February 2017 News: TTB Eases Regulations, Tenn. Raises ABV Limit, Wynwood Sells to CBA, and France Resumes Monastic Brewing

News by | Feb 2017 | Issue #121

TTB Eases Tax Regulations on Brewers

On January 1, modifications to the Internal Revenue Code of 1986 will ease the amount of upfront cash brewers, distillers, and winemakers must pay to the Alcohol and Tobacco Tax and Trade Bureau for excise taxes and bonds. Breweries that pay less than $50,000 in annual taxes on beer (those under 7,143 barrels) will no longer be required to keep a bond filed with the TTB. Additionally, microbreweries that pay less than $1,000 in annual taxes on beer (those under 143 barrels) can now pay annually rather than quarterly.

Tennessee Raises ABV Limit to 10.1%

Taking effect January 1, 2017, a state bill passed in 2014 raises the legal limit for beer sold and produced in Tennessee from 5 percent alcohol by weight (6.2 percent ABV) to 8 percent alcohol by weight (10.1 percent ABV). The law also allows grocery and convenience stores to sell higher-alcohol beers.

Craft Brew Alliance Buys Stake in Miami’s Wynwood Brewing

Miami’s Wynwood Brewing Co. announced in December that it will sell a 24.5 percent minority stake to the publicly traded Craft Brew Alliance (CBA). The agreement includes outsourcing production of Wynwood’s two most popular beers, Pop’s Porter and La Rubia Blonde, to CBA’s Portsmouth, N.H., facility. The deal, which will be finalized early this year, follows CBA’s minority deals with Cisco Brewers in 2015 and Appalachian Mountain Brewery in 2014.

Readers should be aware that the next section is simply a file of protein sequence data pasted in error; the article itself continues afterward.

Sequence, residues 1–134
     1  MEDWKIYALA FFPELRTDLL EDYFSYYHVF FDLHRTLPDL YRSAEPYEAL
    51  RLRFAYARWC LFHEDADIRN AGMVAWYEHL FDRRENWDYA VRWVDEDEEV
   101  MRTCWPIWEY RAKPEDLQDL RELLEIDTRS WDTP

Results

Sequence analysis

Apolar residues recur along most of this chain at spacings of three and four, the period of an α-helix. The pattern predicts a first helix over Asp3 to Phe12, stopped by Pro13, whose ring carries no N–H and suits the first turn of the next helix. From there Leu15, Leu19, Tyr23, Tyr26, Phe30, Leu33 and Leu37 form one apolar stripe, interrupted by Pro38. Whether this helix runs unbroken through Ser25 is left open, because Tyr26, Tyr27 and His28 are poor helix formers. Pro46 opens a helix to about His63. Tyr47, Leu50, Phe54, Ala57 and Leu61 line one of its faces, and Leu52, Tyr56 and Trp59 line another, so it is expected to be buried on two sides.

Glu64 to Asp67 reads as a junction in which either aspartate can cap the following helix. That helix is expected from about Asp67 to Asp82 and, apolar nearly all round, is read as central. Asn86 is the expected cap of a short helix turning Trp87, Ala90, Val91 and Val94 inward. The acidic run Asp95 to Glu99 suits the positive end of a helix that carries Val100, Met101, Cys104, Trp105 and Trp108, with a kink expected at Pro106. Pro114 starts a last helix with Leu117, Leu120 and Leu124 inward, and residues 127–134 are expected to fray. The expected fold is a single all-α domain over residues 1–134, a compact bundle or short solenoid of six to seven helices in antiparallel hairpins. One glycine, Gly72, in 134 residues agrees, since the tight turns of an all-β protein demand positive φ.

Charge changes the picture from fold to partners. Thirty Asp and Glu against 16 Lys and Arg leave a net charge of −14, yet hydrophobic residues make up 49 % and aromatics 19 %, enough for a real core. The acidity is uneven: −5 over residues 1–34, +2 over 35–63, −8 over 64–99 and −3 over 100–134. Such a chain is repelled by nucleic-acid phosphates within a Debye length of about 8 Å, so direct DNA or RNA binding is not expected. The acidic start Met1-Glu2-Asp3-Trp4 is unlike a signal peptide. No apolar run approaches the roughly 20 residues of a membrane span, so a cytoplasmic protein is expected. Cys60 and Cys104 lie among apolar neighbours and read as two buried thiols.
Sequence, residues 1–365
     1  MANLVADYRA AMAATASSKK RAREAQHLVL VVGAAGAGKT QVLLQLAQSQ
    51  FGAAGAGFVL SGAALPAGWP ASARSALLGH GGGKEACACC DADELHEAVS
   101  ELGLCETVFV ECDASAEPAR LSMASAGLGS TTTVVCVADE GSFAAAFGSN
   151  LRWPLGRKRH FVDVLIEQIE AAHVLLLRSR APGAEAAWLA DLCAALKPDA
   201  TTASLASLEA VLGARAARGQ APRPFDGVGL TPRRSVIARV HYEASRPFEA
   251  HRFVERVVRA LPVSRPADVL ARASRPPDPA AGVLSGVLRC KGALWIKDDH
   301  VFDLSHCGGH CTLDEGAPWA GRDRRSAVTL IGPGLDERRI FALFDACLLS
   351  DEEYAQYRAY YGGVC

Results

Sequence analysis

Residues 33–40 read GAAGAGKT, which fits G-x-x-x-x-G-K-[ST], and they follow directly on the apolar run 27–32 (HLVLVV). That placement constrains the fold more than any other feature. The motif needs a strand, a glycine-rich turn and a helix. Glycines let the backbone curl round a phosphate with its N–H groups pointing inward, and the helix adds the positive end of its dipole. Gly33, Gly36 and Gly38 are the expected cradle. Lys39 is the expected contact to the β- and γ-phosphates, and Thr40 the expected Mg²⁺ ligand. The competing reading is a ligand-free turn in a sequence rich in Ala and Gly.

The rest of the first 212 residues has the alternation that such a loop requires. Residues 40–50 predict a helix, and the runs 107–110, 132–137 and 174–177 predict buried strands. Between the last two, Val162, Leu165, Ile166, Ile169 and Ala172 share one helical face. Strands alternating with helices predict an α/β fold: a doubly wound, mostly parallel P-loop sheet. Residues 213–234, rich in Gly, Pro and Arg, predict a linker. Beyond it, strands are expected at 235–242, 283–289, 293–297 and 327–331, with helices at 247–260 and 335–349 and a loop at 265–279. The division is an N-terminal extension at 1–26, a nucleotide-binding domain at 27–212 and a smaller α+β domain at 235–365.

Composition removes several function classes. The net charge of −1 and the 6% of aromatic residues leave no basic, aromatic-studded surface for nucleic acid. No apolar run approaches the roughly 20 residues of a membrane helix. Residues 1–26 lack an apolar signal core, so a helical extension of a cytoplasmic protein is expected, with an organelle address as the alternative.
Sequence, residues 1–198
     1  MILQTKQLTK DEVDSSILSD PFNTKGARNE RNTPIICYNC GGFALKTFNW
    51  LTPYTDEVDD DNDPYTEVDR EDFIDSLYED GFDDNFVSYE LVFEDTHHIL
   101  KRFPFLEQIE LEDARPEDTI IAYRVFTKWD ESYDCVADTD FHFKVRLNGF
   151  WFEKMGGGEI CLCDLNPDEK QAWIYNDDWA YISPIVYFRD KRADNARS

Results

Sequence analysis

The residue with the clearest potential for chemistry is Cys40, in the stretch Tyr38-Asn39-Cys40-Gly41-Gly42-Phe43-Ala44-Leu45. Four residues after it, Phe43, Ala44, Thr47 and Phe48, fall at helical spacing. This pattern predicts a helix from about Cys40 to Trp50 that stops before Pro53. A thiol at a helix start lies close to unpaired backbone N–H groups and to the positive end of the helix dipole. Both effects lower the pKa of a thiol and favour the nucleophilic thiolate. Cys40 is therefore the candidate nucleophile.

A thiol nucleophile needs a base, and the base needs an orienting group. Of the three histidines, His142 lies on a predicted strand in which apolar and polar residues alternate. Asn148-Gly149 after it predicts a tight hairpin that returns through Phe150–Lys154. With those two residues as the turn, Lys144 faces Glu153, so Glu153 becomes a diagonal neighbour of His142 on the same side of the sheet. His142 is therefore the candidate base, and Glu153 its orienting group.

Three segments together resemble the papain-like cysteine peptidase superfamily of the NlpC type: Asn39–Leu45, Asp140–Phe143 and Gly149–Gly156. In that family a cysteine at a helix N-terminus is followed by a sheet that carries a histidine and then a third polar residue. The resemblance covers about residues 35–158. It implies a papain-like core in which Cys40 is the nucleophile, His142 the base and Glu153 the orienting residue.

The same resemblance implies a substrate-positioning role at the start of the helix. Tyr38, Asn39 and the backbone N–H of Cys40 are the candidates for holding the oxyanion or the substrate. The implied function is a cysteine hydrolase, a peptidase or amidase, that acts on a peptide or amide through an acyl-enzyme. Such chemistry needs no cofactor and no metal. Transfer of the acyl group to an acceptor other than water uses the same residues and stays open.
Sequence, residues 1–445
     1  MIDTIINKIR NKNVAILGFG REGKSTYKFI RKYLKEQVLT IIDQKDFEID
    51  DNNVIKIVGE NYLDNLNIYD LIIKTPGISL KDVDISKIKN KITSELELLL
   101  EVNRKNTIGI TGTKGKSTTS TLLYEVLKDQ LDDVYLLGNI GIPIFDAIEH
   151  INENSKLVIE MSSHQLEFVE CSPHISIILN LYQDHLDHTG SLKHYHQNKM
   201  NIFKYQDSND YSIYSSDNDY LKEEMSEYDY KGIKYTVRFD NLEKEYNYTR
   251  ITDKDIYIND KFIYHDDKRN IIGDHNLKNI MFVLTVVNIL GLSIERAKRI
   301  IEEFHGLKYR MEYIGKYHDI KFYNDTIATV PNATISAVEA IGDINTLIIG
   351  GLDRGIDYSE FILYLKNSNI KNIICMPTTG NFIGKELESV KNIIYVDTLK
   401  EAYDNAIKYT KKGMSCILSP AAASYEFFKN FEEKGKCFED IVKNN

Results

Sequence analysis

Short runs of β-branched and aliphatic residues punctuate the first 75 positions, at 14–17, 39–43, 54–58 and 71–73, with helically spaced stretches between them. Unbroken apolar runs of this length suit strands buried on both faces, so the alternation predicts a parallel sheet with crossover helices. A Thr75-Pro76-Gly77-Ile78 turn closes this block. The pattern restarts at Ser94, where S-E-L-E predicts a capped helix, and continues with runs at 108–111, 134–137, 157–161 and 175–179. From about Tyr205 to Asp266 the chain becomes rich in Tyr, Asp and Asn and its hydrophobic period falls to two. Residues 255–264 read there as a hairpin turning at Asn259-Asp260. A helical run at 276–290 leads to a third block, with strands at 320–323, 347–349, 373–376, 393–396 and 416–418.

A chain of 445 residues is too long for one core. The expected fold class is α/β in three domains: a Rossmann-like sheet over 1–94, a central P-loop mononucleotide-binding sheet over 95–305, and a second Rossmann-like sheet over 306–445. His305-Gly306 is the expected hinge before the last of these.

Monastic Brewing Returns to France

In early December, the Benedictine monks at the Abbey of Saint-Wandrille in Normandy released the first monastic beer produced in France since the 1930s. Described as a hoppy Pale Ale, the 6.5 percent ABV beer was brewed with four English hop varieties grown in France and packaged in 500-milliliter bottles. The abbey plans to produce 80,000 liters (about 682 barrels) of beer per year.

Correction: March 9, 2017
A previous version of this story erroneously stated only higher-alcohol beers produced in Tennessee could now be sold in grocery stores, when in fact there is no in-state distinction.